One part of that is helping people understand how antibiotics are used on the farm, and why you can know that all milk at the grocery store is antibiotic-free.
Sometimes it’s necessary for dairy farmers to treat their cows with antibiotics when they’re ill, just as we sometimes need medication when we’re sick; however, there are strict government standards and protocols that ensure all milk you buy at the store does not contain antibiotics. These procedures help make milk one of the most tested and safest foods you can buy.
How can you know for sure?
In 2015, the FDA’s Center for Veterinary Medicine reported that your milk is safe after collecting milk samples from nearly 2,000 dairy farms across the country.
Here’s how our farmers make sure your milk is safe:
- First, dairy farmers take special care to make sure their cows are healthy. When a cow does need antibiotics, they follow best practices to help the animal recover.
- While the cow is on antibiotics, she’ll be housed in a special area and her milk will be kept separated and until the drugs have fully cleared her system. Read one farmer and veterinarian’s story of how she decided to use antibiotics to help a sick cow recover.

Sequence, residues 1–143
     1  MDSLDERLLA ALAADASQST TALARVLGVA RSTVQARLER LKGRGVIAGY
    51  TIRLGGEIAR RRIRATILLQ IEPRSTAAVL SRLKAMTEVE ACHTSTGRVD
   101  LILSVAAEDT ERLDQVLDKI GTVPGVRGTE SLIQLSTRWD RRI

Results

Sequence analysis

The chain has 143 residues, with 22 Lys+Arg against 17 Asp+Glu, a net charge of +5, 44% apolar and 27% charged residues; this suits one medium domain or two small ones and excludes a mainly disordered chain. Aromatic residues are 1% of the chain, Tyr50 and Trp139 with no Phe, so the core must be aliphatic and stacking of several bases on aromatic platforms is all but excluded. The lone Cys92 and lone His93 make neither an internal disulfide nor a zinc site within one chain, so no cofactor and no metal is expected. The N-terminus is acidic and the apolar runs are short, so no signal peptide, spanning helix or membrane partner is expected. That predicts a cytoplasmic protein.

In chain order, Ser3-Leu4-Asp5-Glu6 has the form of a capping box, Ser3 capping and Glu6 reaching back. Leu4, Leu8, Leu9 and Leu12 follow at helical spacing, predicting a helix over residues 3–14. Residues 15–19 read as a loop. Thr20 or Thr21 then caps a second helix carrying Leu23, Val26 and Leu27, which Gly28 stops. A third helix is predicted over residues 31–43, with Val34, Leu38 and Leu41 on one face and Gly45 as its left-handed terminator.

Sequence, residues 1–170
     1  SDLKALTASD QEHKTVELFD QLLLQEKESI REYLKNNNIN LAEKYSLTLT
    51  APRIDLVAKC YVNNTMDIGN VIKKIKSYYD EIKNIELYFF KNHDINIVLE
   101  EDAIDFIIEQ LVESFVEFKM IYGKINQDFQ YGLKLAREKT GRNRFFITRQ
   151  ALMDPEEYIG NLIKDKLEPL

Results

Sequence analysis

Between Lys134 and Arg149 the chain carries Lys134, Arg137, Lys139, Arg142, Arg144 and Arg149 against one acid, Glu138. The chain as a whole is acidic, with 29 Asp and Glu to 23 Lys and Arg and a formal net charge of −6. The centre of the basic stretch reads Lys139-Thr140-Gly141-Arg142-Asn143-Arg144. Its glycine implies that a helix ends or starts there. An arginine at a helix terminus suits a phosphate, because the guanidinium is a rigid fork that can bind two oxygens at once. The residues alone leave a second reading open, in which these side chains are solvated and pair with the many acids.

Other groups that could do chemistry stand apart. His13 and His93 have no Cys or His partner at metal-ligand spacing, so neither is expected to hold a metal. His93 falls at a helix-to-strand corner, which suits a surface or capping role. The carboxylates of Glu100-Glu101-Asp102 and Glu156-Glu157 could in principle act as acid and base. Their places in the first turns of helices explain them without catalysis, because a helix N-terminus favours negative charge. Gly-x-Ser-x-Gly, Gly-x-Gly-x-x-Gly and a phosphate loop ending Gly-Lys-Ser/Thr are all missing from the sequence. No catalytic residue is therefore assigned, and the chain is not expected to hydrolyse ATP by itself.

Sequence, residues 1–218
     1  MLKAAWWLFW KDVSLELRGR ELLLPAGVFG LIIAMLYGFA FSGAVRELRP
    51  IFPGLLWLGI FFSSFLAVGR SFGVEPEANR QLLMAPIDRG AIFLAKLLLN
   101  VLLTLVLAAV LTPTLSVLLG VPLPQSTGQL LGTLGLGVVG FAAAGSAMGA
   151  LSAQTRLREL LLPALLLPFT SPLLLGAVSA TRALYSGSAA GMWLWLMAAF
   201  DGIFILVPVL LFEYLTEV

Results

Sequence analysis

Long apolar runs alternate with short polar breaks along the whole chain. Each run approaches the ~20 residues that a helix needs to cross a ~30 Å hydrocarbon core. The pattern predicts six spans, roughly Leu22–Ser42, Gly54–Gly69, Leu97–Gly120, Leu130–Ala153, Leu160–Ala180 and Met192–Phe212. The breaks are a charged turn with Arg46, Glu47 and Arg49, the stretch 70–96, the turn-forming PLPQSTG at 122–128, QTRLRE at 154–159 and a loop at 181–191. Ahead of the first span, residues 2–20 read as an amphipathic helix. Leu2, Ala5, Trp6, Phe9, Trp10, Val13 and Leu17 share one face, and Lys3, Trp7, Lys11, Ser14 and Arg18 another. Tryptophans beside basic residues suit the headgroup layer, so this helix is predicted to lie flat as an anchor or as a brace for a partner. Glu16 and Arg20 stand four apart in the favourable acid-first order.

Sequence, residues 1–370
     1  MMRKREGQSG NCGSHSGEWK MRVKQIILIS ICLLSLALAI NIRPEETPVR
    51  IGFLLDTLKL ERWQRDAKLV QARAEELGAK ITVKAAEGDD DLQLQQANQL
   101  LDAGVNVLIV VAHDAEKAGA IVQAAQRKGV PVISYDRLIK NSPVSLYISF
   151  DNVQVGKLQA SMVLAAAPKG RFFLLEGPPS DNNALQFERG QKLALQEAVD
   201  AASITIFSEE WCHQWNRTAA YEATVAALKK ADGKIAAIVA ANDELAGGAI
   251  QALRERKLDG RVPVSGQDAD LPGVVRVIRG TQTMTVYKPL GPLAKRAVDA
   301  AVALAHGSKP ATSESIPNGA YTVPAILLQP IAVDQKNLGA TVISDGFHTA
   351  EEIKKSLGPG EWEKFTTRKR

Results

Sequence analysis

- Watch dairy farmer Brenda Hastings explain how farmers keep antibiotics out of milk.
The testing and protocols don’t end there. Read more about antibiotic testing in milk:
- When a milk truck comes to pick up a dairy’s milk, the driver takes a sample of the milk. Once the driver arrives at the milk plant, another sample is taken to make sure the milk is free of antibiotics. Watch this video to learn about the many tests milk goes through.
- Have more questions? Here we have dairy farmer Linnea Kooistra debunking common questions about myths about antibiotics:
Looking to learn more?
- Our friends at MilkTruth.com have answered some common questions about antibiotics and milk.
- Check out this infographic from the International Dairy Foods Association on the FDA’s recent report.
- For more detailed information, read through this fact sheet from the Midwest Dairy Association.